This World Series between the Nationals and Astros has no doubt reminded Giants fans of the 2012 matchup against the Tigers. Three of the Detroit’s vaunted rotation have reunited in this year’s Fall Classic: Justin Verlander, Max Scherzer, and Aníbal Sánchez. The focus has been on the starting pitching because in addition to those three, Gerrit Cole, Stephen Strasburg, Zack Greinke, and Patrick Corbin will all make starts. For those who can’t stand bullpen games and miss watching a pitcher grind through the order (i.e. most people?), this will be a special treat. Each game will be a marquee pitching matchup, and the series will be decided by who outduels whom.
Or at least that’s what will happen on paper. In practice, anything could happen. The 2012 World Series is a reminder of that. The Giants’ top three were fine enough. Matt Cain was still MATT CAIN, Madison Bumgarner was coming into his own though he ended the season poorly, and Ryan Vogelsong was transcendent especially in the playoffs. However, the Giants burned all their cooldowns just to get to the World Series so in Game One, it wasn’t any of those pitchers on the mound going up against Justin Verlander, the reigning Cy Young winner and MVP, it was Barry Zito.
Analysts and writers were right to pick the Tigers over the Giants in Game One. Barry Zito was on a roll, throwing some of the best games of his Giants career, but Zito at his best doesn’t compare to Justin Verlander. I don’t need to tell you what happened. You’ve seen the verlander-wow dot gif. You have the commemorative blu-ray on a shelf. Maybe you even tried to get that image of Zito riding a unicorn tattooed on your back.
Zito’s October is proof that the playoffs are random nonsense where all the best available data can be thrown out the window. Sometimes a fourth starter who had recently been bad is the difference between a championship and a measly pennant. Should history repeat itself, we might not be talking about the dominance of Verlander or Cole or Strasburg or Scherzer or Greinke or Corbin (geeze that’s a lot of aces). We might instead be talking about the contributions of Aníbal Sánchez.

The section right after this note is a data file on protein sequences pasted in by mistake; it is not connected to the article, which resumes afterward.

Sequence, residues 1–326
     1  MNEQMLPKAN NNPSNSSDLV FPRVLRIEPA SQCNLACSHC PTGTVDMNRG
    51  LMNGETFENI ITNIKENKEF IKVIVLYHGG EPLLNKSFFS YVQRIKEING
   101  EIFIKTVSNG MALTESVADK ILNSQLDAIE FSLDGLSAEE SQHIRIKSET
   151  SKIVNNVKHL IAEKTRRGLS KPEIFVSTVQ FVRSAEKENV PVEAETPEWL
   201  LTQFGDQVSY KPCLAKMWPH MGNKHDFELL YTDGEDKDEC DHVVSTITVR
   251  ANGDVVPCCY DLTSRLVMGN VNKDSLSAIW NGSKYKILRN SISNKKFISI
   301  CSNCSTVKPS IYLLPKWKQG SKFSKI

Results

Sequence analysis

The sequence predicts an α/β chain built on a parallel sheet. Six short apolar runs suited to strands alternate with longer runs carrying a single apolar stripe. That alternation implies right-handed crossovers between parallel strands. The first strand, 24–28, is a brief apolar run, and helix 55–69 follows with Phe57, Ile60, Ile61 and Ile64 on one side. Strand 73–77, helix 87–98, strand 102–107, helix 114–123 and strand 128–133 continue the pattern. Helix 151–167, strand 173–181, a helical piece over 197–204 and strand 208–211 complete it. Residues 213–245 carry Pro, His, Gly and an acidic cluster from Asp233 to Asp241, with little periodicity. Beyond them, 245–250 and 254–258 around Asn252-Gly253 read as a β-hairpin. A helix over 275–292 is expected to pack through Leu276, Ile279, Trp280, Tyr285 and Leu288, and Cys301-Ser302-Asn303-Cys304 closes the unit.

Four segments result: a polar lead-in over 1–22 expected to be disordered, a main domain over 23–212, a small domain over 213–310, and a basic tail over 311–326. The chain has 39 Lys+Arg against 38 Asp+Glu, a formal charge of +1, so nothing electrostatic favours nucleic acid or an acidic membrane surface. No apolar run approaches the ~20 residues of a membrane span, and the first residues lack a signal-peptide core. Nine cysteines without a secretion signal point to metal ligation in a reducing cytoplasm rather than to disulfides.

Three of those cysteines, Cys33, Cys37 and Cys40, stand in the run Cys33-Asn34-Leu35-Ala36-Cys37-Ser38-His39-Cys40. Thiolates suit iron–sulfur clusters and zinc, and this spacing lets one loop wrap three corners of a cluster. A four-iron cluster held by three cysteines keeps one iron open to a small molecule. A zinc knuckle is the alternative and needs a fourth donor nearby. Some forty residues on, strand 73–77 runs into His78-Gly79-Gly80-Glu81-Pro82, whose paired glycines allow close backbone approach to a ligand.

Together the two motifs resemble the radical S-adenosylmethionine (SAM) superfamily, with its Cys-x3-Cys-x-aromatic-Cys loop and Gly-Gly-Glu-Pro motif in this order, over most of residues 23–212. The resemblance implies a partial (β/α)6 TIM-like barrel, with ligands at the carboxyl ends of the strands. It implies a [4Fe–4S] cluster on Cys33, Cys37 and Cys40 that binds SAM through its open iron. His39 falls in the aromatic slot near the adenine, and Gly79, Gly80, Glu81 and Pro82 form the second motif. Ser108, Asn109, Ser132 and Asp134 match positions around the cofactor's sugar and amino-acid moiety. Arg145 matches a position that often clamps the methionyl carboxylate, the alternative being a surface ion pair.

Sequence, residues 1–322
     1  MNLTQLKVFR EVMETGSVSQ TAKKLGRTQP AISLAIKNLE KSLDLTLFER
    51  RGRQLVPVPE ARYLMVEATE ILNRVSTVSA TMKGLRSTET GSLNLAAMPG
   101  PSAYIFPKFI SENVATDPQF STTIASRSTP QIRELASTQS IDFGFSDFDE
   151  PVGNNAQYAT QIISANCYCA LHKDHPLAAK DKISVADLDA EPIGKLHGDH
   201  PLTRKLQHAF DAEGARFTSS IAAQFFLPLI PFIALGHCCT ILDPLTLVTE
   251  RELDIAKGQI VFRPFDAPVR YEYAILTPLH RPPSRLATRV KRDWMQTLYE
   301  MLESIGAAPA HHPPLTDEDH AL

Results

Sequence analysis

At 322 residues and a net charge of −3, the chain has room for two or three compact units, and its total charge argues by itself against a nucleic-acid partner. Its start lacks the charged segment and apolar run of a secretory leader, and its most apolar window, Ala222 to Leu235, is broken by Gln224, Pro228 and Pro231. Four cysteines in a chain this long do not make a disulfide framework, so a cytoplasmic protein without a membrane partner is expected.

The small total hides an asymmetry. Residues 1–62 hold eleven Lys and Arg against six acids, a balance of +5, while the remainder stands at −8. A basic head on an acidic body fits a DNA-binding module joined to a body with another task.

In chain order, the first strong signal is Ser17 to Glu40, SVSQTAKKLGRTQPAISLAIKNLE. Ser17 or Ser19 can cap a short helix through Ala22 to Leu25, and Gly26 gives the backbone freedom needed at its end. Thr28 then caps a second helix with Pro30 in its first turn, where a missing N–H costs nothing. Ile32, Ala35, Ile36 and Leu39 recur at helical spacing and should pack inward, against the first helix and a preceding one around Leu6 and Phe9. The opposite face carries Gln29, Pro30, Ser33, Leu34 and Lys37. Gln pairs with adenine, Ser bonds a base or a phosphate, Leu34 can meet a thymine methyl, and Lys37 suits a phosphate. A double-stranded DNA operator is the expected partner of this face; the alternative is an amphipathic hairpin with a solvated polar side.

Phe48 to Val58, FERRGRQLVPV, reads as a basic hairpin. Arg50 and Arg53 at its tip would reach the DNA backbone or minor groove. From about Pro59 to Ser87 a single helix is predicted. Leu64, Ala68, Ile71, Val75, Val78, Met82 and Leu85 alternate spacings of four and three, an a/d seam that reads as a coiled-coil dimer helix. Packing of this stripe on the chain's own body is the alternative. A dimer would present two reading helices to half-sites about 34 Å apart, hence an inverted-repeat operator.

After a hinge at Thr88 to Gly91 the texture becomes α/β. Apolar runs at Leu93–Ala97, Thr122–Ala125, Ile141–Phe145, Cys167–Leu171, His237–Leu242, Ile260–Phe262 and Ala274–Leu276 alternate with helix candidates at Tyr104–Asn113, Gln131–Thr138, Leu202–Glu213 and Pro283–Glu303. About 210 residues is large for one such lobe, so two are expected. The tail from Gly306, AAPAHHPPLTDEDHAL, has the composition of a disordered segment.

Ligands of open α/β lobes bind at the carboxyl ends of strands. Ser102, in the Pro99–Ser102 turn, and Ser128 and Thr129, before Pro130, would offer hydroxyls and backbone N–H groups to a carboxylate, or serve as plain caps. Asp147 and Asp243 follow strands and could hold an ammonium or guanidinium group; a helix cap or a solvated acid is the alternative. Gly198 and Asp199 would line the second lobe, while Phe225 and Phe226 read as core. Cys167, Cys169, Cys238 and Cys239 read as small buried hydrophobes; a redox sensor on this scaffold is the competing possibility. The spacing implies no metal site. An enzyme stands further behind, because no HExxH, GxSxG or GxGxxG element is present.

Sánchez isn’t getting the Game One nod—the Nationals are too rested for that—but he’s the closest proxy to Barry Zito. Sánchez’s career began promisingly enough. He didn’t win a Cy Young award, but Sánchez’s best season (162 ERA+ in 2013) compares with Zito’s (158 ERA+ in 2002). Like Zito, he signed a big contract and promptly fell into an open manhole. At the end of his deal, Sánchez wasn’t good enough to stick with the Tigers. Not the 2012 Tigers mind you, the 98-loss 2017 Tigers who were a Sandoval walk-off away from losing the first overall draft pick.
But he clawed his way back, and he has become a major reason why the Nationals are in the World Series. He may not have lain down a perfect drag bunt, but almost no-hitting the Cardinals is pretty good, too I suppose. If he hadn’t thrown five innings of one-run ball against the Dodgers, we might be gearing up for another Astros Dodgers World Series which is an entirely gross proposition. By championship win probability added which measures a player’s contributions toward winning the World Series, Sánchez is sixth in all of baseball. The only starters ahead of him are Scherzer and Cole.
I, for one, will be rooting for Sánchez to have his own Zito moment, where he takes down Justin Verlander or a Verlander-adjacent individual despite the odds. He’s the perfect blend of underdog and redemption story. In a way, he’s not just the Zito of the World Series, he’s also the Vogelsong. Let’s hope the series isn’t over by the time he gets in a game.